“It worries me because the masks hide faces. At school and at work, at the cinema and in shops, sometimes even on the street. Always, less when you drink or eat or stay indoors. Yet, faces are important for us to communicate. From a certain point of view we are obsessed with faces. We even find them in the moon, because we look at them often and carefully, says the philosopher Malebranche, because we have a natural inclination to conceive everything similar to us, answers the philosopher Hume. There are those, like Spinoza, who even spoke of the face of the whole universe. Face is for facing, a friend from New Zealand explained to me: the face is for looking out over the world and others. Faces express and communicate emotions and passions, they are the first tool to understand the intentions of those around us. And we want to see them: a photo, a portrait, even if not very faithful, seems to us better than nothing. Better a cheeky one than a faceless one. The face, Cicero said, is the image, the mirror of the soul. The templates hid the image. The eyes, Cicero always added, are the indexes, the interpreters of the soul. And the masks show them off. But if what is the combination of traits, what happens when an important part is hidden? Usually, when I smile, I do it with my mouth and eyes, but what if I darken my mouth? If I forget I have the mask, am I still sure what I am expressing? The mask questions what I take as a given: the illusion of being read for what I think I am. There is a long history of the “discovery” of the face, which runs through the history of European thought, from the treatises of antiquity to the manuals of today. It is the history of physiognomy, the (presumed) science that judges the inside from the outside, the traits of the soul from those of the body, in particular of the face and eyes. Kant thought that we had a natural tendency to look at faces and that there was a natural physiognomy, even though it would never become a science. Schopenhauer believed that a face could only be deciphered the first time it is seen, based on the first impression. And he was amazed that many people, who have imprinted all their unbearable vulgarity on their faces, did not prefer to wear a mask. Since the face reveals just what it is, Schopenhauer concluded that on Hegel’s, nature had written in its clearest hand what it almost always writes: “vulgar man”. Hegel, for whom the true being of man is the accomplished act, would have responded with a slap, to hit the mark. Darwin protested that he had nothing to do with physiognomy. For him, “science” was another. That of the expression of emotions. He was not interested in the permanent form of traits as a key to understanding our character, but in the expression of different passions. He was looking for the causes. But according to the ancient physiognoms, if one resembles a choleric, one will behave choleric, even without a reason for anger, as if the passion had settled on the face. In any case, we too, today, judge people at first glance, often on the basis of the face.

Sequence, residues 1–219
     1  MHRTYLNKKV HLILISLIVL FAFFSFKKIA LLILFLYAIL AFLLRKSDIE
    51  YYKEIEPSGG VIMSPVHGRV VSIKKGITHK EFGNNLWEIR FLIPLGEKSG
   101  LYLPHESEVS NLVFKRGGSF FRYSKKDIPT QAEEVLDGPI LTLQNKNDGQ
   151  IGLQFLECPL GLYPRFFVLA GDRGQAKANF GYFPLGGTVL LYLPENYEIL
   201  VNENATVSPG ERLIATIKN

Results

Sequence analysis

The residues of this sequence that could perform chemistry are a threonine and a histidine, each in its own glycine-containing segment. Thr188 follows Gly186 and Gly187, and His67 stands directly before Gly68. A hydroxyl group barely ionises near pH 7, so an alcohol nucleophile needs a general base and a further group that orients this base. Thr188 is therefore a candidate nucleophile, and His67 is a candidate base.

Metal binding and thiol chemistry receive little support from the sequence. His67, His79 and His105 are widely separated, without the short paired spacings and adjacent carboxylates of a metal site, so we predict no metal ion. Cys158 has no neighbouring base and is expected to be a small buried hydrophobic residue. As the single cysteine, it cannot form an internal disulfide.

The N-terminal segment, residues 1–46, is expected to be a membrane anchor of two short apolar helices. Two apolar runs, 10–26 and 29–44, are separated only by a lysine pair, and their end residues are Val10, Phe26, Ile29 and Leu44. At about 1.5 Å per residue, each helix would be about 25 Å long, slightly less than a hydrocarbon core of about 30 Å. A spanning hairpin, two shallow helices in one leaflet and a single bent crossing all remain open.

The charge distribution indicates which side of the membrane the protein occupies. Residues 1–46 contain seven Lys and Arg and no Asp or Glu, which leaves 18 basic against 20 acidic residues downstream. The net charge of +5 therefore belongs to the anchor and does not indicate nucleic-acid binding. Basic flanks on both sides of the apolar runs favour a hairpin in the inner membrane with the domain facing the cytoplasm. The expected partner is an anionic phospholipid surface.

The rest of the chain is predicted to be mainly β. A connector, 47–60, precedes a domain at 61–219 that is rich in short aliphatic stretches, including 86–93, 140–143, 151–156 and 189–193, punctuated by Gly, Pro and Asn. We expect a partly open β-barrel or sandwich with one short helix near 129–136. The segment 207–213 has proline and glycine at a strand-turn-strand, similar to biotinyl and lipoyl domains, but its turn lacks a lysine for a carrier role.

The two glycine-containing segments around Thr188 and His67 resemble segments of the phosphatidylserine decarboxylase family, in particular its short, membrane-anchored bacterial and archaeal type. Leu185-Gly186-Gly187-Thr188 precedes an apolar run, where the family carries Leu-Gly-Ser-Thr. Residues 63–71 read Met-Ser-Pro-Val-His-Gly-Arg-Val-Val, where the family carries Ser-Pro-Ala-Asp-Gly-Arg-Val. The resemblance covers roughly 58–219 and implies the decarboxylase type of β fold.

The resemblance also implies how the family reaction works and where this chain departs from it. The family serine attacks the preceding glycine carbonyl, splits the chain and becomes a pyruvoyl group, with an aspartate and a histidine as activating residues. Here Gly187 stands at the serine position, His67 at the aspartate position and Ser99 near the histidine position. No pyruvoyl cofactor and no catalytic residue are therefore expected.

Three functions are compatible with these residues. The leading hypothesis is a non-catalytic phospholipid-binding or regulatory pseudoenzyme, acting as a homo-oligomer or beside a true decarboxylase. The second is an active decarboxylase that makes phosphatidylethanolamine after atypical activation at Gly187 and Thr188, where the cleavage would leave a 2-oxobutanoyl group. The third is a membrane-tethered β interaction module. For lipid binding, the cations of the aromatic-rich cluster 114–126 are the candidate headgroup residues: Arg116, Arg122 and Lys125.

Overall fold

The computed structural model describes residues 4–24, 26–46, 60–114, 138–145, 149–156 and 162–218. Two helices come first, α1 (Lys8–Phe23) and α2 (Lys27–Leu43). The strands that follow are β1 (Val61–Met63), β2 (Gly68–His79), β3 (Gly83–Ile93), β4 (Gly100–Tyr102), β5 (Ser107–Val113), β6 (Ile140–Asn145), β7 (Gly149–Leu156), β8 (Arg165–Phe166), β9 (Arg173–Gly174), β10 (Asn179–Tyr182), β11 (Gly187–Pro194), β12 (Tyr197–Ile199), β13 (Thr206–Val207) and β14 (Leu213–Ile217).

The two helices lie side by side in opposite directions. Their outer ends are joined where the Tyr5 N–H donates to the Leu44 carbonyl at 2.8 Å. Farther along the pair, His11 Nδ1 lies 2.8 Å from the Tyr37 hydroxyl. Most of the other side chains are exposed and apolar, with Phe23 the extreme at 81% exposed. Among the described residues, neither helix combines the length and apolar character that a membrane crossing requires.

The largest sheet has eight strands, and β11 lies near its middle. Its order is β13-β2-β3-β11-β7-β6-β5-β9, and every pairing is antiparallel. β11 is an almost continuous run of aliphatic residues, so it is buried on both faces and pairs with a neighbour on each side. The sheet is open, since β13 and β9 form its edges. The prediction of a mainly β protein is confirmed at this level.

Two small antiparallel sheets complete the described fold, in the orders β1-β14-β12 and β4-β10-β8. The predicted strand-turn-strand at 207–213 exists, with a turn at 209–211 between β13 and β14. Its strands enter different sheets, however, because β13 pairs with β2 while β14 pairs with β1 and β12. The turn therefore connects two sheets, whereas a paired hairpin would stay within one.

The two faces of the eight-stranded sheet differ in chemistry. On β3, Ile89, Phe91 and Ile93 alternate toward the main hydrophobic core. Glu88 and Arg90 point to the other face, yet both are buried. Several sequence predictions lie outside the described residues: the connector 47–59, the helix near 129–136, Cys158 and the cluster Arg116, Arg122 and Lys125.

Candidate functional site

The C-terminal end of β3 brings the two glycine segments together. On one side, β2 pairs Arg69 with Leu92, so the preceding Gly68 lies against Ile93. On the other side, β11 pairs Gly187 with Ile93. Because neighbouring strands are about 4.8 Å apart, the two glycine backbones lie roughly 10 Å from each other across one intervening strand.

Unless then correct the first judgment. Even my Hume had let himself go, and had repeated
with Cicero that the eyes are the great index of the mind ».

You are an expert on Hume, a symbol, for many, of skepticism: how much skepticism there is in
world today and how many absolute beliefs?
“I’ve been studying Hume for thirty years, but that doesn’t mean he’s an expert. Speaking of faces, by
his said: “His face was large and fat. His mouth big and without any other
expression if not that of imbecility “. The Parisian philosophers were delighted. The fine and delicate Hume presented himself as a massive man: le gros David, the verb that became flesh. Hume has always proclaimed himself a skeptic. Indeed, a “true” skeptic. Also skeptical of his own skepticism. And since he thought that the origin of his philosophy was pleasure, he would never give up on
innocent satisfaction that his doubts or beliefs could offer him; nor do you
it would be removed from that certainty that arises from an exact and complete examination: on particular points and in a particular instant. A good researcher proceeds cautiously and methodically, and delimits the field of investigation to topics that are suited to his faculties. This lasting and useful skepticism mitigates arrogance and dogmatic prejudices and prevents us from talking about what we do not know nor can we know. Moreover, only a cold and determined philosophical skepticism protects us from the fiery zeal and the sacred fervors of religious sentiments. Skepticism is a serious thing that for this reason does not like to take itself too seriously. You ask me about skepticism in today’s world. Too little, even for the tolerance and irony that it should bring with it, and too many absolute convictions. Above all, too many absolutely unfounded beliefs. But doubt, Hume also knew, takes effort, sometimes makes you uncomfortable and often paralyzes action. There isn’t much room for skepticism in the world. Yet it could be liberating. The world would be too ».